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Newtown Extends Adams Family Exhibit Due To Popular Demand

Newtown Town Historian Dan Cruson rolls out the artifacts from the family of President John Adams last month. Photo Credit: Jay Polansky
Artifacts of the country's second president, John Adams, his wife and his son, the John Quincy Adams are on display at the C.H. Booth Library until Feb. 8. Photo Credit:

NEWTOWN, Conn. -- John Adams and John Quincy Adams are proving to be popular in Newtown nearly two centuries after their presidential terms.

The number of visitors to the Adams display at the C.H. Booth Library has created a need to extend the exhibition through Feb. 8, the Newtown Historical Society ssaid.

The crowds have been steady, and calls of inquiry frequent, said library officials.

Donated by William Zilinek of San Diego, whose family previously lived in Redding, the display features more than a dozen items that are mainly from the possessions of the second President John Adams, his wife Abigail Adams, and their son, the sixth president, John Quincy Adams. Two items represent a later descendant, John Quincy Adams Johnson, who lived in Redding for a time.

The total collection contains 52 objects, and those on display were selected to give the best insight into three Adams' lives.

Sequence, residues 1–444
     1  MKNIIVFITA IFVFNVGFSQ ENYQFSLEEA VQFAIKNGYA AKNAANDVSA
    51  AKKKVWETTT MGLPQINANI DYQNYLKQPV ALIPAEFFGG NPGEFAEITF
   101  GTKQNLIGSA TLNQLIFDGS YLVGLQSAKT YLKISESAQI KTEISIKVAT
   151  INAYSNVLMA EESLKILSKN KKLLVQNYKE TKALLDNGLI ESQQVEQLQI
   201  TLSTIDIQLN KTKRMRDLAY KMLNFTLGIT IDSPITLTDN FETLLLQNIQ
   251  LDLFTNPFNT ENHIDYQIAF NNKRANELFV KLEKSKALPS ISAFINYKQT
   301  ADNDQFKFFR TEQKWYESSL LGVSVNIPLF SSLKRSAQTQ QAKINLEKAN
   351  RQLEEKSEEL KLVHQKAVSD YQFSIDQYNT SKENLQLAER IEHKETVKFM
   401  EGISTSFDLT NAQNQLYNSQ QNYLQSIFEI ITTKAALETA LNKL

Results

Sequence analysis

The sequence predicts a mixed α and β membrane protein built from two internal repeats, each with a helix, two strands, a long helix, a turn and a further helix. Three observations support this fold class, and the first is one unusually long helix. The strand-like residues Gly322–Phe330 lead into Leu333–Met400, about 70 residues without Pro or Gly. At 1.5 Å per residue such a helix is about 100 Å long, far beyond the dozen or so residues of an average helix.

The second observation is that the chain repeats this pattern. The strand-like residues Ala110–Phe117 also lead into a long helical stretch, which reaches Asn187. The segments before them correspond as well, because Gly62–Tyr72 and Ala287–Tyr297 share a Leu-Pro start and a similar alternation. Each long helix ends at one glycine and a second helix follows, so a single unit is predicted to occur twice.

The objects include personal jewelry, including a bracelet woven from the hair of John Adams, signet rings that would have been used to seal state papers, as well as personal correspondence, an inaugural medal, and gifts given to John Quincy Adams, including a box made from wood taken from the USS Constitution, the famed Old Ironsides, during one of its several restorations.

When the Erie Canal opened early in John Quincy Adams' administration, it was only fitting that he be given mementos of the occasion. His example of the opening day medal is still encased in its original box made from wood carried as the first cargo along the Canal.

This outstanding display of the country's early history has been made possible in part by a grant from the Connecticut Humanities Council, an affiliate of the National Endowment for the Humanities. The display can be visited any time during library hours. For more information about the Adams collection visit .

The C.H. Booth Library is at 25 Main St.

Click here to read more about the Adams exhibit at the Daily Voice.

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